A protoype design for a compact, sustainable and affordable home for the self and custom build market has won an Edge Award, recognising design, talent and entrepreneuralism in the south west of England. Self-build co-operative Ecomotive has worked with architects Barton Willmore on the design for a compact self-build style home that uses pre-fabricated manufacturing to keep costs to a minimum.
Taking inspiration from successful European modular structures, the brief required the design to be flexible and adaptable. Consequently SNUG Home can be easily ‘grown’ at a later date with the introduction of additional elements, as the owner’s circumstances, and finances, dictate. The concept has been formulated to allow SNUG to be built as a stand alone unit or arranged in clusters, making it an attractive and practical opportunity for cohousing projects. This is especially relevant for collective housing where residents are often happier to live in smaller homes with shared features such as communal halls, bedrooms or gardens.
Residents can choose the number, size and arrangement of units they need, which are then delivered to site for owners to complete according to their specification. The formula also lends itself to creating apartment block and terraces, making it adaptable to a variety of scenarios.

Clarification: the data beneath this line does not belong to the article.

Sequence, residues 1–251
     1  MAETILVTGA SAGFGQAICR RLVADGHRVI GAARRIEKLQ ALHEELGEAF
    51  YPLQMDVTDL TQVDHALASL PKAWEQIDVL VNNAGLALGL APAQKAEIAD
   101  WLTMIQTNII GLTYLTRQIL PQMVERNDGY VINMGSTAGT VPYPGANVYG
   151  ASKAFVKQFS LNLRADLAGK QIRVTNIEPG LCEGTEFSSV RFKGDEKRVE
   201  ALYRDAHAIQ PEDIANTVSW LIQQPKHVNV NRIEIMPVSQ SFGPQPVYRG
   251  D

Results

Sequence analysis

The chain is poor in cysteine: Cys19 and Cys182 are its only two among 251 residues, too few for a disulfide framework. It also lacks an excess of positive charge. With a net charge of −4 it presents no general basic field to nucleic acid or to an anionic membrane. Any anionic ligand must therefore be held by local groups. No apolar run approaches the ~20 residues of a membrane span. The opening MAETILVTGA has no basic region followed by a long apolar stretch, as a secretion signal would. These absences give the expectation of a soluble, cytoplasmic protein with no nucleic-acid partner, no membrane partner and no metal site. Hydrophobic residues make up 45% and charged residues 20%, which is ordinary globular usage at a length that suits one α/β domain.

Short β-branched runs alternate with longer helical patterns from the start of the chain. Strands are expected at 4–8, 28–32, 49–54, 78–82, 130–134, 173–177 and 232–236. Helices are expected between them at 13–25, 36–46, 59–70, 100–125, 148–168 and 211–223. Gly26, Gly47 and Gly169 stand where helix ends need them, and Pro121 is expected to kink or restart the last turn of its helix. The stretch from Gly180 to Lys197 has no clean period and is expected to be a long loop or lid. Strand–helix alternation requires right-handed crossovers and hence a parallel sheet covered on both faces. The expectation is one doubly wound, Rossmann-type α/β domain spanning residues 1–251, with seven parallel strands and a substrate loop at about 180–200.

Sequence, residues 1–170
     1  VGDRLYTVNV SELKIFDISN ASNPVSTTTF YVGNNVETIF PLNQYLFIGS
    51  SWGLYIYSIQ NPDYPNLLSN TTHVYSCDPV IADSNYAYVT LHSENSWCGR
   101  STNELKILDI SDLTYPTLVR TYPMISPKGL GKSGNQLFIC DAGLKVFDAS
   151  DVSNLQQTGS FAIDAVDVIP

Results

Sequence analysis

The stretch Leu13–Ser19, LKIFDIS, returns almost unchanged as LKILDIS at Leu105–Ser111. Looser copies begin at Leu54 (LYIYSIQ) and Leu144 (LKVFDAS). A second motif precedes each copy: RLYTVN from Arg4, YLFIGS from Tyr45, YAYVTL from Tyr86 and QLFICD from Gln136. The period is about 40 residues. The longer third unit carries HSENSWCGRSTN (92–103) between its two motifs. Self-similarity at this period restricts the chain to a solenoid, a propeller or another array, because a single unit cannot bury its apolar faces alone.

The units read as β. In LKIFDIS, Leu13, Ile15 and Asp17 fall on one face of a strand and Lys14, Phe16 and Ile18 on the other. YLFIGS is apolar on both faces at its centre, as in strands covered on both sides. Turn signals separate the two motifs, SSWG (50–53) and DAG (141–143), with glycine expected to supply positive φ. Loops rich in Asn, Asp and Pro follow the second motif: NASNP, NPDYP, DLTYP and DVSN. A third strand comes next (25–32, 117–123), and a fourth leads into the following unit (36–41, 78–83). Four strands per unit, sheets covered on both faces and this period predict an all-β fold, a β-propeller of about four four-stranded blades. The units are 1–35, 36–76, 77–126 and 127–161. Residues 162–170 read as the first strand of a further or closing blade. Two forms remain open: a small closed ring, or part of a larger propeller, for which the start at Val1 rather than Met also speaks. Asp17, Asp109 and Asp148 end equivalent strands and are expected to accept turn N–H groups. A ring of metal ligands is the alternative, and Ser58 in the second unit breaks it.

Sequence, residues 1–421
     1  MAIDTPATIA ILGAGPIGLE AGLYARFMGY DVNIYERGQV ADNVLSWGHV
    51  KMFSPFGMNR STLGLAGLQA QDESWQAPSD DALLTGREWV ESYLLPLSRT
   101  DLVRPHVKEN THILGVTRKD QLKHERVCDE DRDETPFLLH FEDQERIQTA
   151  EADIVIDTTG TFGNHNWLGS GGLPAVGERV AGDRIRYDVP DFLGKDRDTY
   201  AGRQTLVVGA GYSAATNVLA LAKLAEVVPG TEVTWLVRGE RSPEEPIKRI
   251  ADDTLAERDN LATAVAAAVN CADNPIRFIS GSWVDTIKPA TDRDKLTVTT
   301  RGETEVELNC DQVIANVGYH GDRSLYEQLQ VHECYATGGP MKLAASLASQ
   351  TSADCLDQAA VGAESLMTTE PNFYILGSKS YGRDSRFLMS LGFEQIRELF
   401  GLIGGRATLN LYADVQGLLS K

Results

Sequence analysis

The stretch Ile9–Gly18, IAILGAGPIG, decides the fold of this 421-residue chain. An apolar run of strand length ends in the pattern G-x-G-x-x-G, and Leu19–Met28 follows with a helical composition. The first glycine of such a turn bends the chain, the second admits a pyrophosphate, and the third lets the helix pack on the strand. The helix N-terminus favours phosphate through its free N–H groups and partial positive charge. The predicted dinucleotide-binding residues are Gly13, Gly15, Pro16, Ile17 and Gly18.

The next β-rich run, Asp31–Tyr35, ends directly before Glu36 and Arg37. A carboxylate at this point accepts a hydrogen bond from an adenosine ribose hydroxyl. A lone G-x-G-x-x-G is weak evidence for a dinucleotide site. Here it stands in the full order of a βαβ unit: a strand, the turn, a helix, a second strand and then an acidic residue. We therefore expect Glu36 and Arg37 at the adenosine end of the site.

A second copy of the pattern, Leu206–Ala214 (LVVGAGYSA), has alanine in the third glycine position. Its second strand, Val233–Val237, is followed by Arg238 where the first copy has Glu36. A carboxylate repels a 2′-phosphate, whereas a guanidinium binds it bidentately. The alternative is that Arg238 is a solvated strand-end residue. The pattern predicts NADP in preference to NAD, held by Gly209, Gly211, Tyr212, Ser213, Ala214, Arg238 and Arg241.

Architect Tom Macklen of Barton Willmore said “As planners, architects and urban designers, Barton Willmore is looking increasingly more at custom build as a route to housing.”
A prototype has been given the go ahead for a site in Redcliffe Way, Bristol, with a planning application already submitted. Once built, the house will include an exhibition space, as Director of Ecomotive, Jackson Moulding, explains:
“With the prototype in place we want to hear from everyone about how they believe housing should be created in the future, and whether future residents want to have a say over what is built for them, and if they want to be involved in the design and construction.”
The main barrier to the project’s further growth though is a lack of land, and Moulding requested any landowner or body that could help get in touch with Ecomotive.
Volumetric offsite house construction is surely a route to affordability, as L&G Homes recently acknowledged with its plans for the largest prefab homes factory in Europe. However, it is not necessarily a practical route to individually-customised homes as it relies on a production line to achieve economies of scale. SNUG Home is clever in that its modular design offers a viable solution to affordable custom home building as its modular nature means that the design can be ‘grown’ to suit a family’s needs and circumstances. This is a real win in the search for a customisable AND affordable home. Modular housing is in no way a modern concept, but it is a route to design that can be both flexible and affordable.